Computerworld Australia: Google, NASA, UTS propose ‘hello world’ test for quantum computers

Computerworld Australia: Google, NASA, UTS propose ‘hello world’ test for quantum computers. “What is the smallest computational task a quantum computer might be able to complete, that the most powerful supercomputers available today would find prohibitively hard? Find that and you locate the frontier of what is commonly (and some say, problematically) referred to as ‘quantum supremacy’.”

The Register: NASA dusts off FORTRAN manual, revives 20-year-old data on Ganymede

The Register: NASA dusts off FORTRAN manual, revives 20-year-old data on Ganymede. “NASA scientists have made some new discoveries about Jupiter’s giant moon Ganymede, thanks to a dedicated team, an elderly VAX machine and 20-year-old data from the long-defunct Galileo probe. Fifteen years after Galileo (no, not that one) ended its days with a plunge into the atmosphere of Jupiter, NASA scientists have resurrected the 20-year-old datasets and added more detail to the puzzle of Ganymede’s magnetosphere.”

NASA: Help NASA Create the Largest Landslide Database

NASA: Help NASA Create the Largest Landslide Database. “Landslides cause thousands of deaths and billions of dollars in property damage each year. Surprisingly, very few centralized global landslide databases exist, especially those that are publicly available. Now NASA scientists are working to fill the gap—and they want your help collecting information. In March 2018, NASA scientist Dalia Kirschbaum and several colleagues launched a citizen science project that will make it possible to report landslides you have witnessed, heard about in the news, or found on an online database. All you need to do is log into the Landslide Reporter portal and report the time, location, and date of the landslide—as well as your source of information.”

Calling All Cloud Gazers: NASA Needs Your Help! (NASA)

NASA: Calling All Cloud Gazers: NASA Needs Your Help!. “It’s almost spring, the time of year when the looming change in seasons could lead to some pretty fascinating cloud activity in the sky. NASA and the GLOBE Program are asking for your help by taking part in a citizen science cloud observation challenge. From March 15 through April 15, citizen scientists of all ages can make up to 10 cloud observations per day using the GLOBE Observer app or one of the other data entry options (for trained GLOBE members). Challenge participants with the most observations will be congratulated by a NASA scientist in a video posted on the GLOBE Program’s website and on social media.”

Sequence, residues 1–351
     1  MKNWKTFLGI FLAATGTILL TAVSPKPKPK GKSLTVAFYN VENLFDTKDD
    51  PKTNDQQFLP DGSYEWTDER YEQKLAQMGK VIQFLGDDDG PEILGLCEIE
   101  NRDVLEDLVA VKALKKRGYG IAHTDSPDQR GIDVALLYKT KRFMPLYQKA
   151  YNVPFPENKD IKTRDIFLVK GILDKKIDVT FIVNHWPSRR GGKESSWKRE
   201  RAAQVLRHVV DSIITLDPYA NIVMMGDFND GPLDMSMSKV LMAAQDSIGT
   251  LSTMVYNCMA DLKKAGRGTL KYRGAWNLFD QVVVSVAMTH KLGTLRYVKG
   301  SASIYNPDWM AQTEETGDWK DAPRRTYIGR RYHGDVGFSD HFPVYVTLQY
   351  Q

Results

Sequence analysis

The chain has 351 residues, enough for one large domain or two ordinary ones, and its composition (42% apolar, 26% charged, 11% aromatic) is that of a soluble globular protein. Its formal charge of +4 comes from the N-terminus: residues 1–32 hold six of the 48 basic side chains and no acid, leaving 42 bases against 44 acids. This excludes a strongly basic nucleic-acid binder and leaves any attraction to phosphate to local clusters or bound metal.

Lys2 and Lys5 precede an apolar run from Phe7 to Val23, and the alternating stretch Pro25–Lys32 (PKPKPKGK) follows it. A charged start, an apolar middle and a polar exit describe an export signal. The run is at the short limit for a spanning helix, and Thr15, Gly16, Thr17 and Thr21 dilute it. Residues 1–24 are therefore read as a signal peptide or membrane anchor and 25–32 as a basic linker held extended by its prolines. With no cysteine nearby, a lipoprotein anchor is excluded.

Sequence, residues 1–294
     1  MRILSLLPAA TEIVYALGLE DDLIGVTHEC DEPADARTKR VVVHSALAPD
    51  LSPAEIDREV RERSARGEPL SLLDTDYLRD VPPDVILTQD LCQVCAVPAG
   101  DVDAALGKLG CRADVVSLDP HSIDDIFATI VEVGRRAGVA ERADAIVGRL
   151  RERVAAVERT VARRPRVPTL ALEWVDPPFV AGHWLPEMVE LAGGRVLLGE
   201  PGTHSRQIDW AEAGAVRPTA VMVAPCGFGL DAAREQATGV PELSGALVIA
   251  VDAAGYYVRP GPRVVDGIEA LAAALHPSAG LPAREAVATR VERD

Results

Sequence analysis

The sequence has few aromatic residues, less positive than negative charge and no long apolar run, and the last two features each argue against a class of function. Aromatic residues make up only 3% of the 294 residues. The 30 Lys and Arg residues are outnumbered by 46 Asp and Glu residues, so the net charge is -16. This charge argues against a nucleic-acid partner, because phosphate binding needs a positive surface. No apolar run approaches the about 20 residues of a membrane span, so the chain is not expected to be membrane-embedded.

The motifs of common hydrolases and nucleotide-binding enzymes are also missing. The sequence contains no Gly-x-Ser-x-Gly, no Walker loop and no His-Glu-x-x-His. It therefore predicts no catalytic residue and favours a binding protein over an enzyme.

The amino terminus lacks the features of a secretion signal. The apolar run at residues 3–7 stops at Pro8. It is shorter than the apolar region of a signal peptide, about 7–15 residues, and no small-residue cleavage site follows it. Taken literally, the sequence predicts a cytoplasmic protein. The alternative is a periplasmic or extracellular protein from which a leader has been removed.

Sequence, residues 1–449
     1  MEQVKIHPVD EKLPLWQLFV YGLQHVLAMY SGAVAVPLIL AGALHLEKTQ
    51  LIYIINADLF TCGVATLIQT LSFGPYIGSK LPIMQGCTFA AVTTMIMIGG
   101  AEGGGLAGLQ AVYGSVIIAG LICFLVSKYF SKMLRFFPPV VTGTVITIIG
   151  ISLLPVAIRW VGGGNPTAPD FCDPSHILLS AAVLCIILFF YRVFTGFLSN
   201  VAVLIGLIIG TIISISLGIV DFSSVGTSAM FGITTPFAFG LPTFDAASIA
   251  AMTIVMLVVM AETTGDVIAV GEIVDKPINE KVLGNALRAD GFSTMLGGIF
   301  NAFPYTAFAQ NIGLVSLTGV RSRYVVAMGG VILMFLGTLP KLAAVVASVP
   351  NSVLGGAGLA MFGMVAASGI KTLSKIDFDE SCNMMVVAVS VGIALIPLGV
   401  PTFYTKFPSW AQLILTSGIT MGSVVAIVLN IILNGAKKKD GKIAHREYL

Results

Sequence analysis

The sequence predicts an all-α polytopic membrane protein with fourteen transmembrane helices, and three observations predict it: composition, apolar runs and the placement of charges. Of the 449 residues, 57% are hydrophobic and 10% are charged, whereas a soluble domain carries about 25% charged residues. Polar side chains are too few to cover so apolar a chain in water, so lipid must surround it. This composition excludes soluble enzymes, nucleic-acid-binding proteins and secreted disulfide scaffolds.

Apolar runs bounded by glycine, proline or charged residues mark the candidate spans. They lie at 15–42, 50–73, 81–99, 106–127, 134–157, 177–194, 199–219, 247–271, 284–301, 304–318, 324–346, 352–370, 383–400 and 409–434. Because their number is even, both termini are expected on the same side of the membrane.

Ars Technica: Facebook sends Ars takedown notice from Pink Floyd over NASA audio

Ars Technica: Facebook sends Ars takedown notice from Pink Floyd over NASA audio. “On Wednesday, Ars received an official notice via our Facebook page that one of our videos was in apparent violation of Pink Floyd’s copyright. According to the takedown notice, just a six-second portion of our video was infringing. When we clicked the link to see, it turned out that Pink Floyd was upset about six seconds of audio that we had taken from an official NASA recording that we pulled from the Internet Archive.” Thanks to this story, ResearchBuzz Firehose now has an “Oh for crying out loud” tag.

TechCrunch: Google AI helped find the first solar system outside our own with 8 planets

TechCrunch: Google AI helped find the first solar system outside our own with 8 planets. “Google and NASA today announced the discovery of a new planet in solar system Kepler 90, achieved using machine learning. By applying neural networking to Kepler data, scientists have found, for the first time, an eighth planet in the Kepler-90 system – this ties the Kepler-90 system with our own system for the most planets in any known system.”

The University of Texas at Dallas: Researchers Launch Moon Mission Audio Site

The University of Texas at Dallas: Researchers Launch Moon Mission Audio Site. “NASA recorded thousands of hours of audio from the Apollo lunar missions, yet most of us have only been able to hear the highlights. The agency recorded all communications between the astronauts, mission control specialists and back-room support staff during the historic moon missions in addition to Neil Armstrong’s famous quotes from Apollo 11 in July 1969. Most of the audio remained in storage on outdated analog tapes for decades until researchers at The University of Texas at Dallas launched a project to analyze the audio and make it accessible to the public.” Visit the site, yes, but also read the article. The team innovated a lot to get this done.